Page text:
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These texts describe the esoteric teachings of Tantra, a belief system which originated in India, praticed by a small number of Hindus and Buddhists. Tantra has become a synonym in the West for unbridled sexuality; however sexuality per se is only one facet of this elaborate spiritual practice, as a representation of the union of the soul with the Goddess. Rather, this attitude reflects the spiritual vacuum of mainstream Western religions when it comes to sacred sexuality. A deep study of Tantra can take a lifetime, and is not for the undisciplined or the thrill-seeker.
Tantra does not advocate an epicurian or libertine philosophy. Quite the contrary, the practices which involve behavior which is regarded by conventional Hinduism as 'sinful' (such as eating meat, drinking alcohol, and having sexual union), normally requiring expatiatory behavior, are supposed to only be engaged in by spiritually advanced practicioners in the appropriate ritual context. A set of alternative practices are recommended by Tantra for general use (substituting sweets for meat, and praying and chanting for sexual union). (It should also be noted the Hindu concept which we describe here as sin is somewhat different than the Christian version).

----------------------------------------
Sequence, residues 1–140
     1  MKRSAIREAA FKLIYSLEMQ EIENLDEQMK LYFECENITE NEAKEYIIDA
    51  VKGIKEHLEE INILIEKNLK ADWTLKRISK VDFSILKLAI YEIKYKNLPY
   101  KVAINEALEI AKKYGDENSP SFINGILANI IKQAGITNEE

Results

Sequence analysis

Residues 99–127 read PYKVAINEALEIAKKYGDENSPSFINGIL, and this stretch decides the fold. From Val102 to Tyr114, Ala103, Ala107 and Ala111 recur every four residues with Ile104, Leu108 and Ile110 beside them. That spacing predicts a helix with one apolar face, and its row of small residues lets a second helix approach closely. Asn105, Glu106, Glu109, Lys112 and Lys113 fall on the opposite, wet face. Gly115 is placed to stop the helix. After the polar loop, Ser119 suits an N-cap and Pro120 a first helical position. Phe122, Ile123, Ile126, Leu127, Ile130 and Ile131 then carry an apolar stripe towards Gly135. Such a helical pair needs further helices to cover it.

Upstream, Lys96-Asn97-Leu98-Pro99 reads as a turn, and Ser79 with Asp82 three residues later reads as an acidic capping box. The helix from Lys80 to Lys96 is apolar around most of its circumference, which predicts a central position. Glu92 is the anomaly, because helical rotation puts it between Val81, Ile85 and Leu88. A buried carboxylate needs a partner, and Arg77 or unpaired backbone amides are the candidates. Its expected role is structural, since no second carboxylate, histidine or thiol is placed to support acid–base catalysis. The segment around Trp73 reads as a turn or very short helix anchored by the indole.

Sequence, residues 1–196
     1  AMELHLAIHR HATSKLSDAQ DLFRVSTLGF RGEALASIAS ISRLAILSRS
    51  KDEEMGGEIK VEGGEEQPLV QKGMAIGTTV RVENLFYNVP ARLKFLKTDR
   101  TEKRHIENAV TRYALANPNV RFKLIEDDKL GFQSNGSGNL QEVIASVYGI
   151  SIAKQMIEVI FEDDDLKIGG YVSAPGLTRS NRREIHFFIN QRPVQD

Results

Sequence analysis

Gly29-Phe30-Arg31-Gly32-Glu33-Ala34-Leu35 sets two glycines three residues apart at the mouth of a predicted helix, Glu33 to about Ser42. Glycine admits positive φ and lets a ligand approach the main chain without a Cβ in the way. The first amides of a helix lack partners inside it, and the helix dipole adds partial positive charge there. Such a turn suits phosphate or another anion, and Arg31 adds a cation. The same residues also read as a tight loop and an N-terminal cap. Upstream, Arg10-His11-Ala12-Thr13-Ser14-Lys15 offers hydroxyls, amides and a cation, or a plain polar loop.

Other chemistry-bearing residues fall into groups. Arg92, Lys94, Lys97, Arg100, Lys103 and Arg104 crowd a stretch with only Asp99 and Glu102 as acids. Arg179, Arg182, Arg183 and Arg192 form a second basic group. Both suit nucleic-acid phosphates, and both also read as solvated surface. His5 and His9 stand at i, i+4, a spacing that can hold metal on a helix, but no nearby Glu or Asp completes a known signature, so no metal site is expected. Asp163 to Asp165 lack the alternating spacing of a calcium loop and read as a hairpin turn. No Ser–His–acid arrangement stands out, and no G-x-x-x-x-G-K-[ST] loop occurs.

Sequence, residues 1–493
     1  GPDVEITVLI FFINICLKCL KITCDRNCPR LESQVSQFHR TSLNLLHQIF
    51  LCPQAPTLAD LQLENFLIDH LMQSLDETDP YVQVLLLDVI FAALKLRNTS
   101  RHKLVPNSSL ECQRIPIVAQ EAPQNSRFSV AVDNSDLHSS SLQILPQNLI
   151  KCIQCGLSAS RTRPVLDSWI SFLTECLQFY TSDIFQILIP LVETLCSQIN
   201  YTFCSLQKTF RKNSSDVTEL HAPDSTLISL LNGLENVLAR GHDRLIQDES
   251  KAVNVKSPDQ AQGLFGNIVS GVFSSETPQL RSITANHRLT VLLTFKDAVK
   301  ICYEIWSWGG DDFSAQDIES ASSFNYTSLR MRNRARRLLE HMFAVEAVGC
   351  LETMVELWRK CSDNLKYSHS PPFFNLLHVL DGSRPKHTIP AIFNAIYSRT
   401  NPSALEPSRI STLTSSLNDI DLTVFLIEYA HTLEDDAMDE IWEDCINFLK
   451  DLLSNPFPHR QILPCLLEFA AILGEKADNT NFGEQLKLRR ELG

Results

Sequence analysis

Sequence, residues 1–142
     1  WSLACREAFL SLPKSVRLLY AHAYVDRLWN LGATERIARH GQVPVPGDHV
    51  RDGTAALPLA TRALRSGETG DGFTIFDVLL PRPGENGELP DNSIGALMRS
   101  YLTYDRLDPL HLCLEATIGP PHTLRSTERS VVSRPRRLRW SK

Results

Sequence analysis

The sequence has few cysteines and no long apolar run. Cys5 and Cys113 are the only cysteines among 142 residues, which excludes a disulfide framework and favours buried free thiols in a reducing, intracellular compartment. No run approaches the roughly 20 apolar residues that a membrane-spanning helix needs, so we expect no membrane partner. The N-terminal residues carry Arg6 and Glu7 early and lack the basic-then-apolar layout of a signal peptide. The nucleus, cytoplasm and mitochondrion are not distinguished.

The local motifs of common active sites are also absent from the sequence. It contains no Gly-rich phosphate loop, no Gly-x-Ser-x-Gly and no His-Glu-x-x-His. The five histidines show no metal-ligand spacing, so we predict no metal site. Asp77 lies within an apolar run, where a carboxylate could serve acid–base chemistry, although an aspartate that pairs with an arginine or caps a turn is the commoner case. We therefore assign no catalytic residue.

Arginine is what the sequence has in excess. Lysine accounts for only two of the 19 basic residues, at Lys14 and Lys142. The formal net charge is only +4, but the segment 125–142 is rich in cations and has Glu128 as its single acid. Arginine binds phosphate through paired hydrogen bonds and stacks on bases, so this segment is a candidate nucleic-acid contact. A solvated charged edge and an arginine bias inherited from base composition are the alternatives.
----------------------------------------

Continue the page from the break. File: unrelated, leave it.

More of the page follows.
Taken with these caveats, the assertion of Tantra that sexual energy can be harnessed to achieve union with the divine is fairly unique among world religions. The encounter with this school of thought by western occultists had a profound impact on the development of modern Neo-paganism.
The text of the Mahanirvana Tantra has been suspected to be partially or completely fabricated by Hariharanandanatha to support his reformist views, and apparently dates to the 18th Century A.D. This is not to say that it is invalid, just that it is a comparatively recent text which puts forward an unorthodox branch of Hinduism. This should be kept in mind when reading it.
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